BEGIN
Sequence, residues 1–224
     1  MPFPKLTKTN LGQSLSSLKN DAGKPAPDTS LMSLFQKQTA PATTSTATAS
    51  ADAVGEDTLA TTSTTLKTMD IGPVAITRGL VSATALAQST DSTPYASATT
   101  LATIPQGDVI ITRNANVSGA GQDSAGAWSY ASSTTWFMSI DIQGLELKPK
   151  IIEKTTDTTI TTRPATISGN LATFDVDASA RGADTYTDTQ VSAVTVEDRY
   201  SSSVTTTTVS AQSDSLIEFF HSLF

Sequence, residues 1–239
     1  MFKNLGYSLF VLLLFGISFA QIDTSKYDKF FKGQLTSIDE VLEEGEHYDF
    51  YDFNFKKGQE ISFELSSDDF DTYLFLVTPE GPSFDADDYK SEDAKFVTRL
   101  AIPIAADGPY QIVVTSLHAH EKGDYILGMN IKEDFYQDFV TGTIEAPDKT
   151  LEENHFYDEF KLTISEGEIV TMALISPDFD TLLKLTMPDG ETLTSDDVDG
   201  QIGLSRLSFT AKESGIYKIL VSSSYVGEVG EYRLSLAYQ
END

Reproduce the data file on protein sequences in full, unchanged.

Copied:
Sequence, residues 1–224
     1  MPFPKLTKTN LGQSLSSLKN DAGKPAPDTS LMSLFQKQTA PATTSTATAS
    51  ADAVGEDTLA TTSTTLKTMD IGPVAITRGL VSATALAQST DSTPYASATT
   101  LATIPQGDVI ITRNANVSGA GQDSAGAWSY ASSTTWFMSI DIQGLELKPK
   151  IIEKTTDTTI TTRPATISGN LATFDVDASA RGADTYTDTQ VSAVTVEDRY
   201  SSSVTTTTVS AQSDSLIEFF HSLF

Sequence, residues 1–239
     1  MFKNLGYSLF VLLLFGISFA QIDTSKYDKF FKGQLTSIDE VLEEGEHYDF
    51  YDFNFKKGQE ISFELSSDDF DTYLFLVTPE GPSFDADDYK SEDAKFVTRL
   101  AIPIAADGPY QIVVTSLHAH EKGDYILGMN IKEDFYQDFV TGTIEAPDKT
   151  LEENHFYDEF KLTISEGEIV TMALISPDFD TLLKLTMPDG ETLTSDDVDG
   201  QIGLSRLSFT AKESGIYKIL VSSSYVGEVG EYRLSLAYQ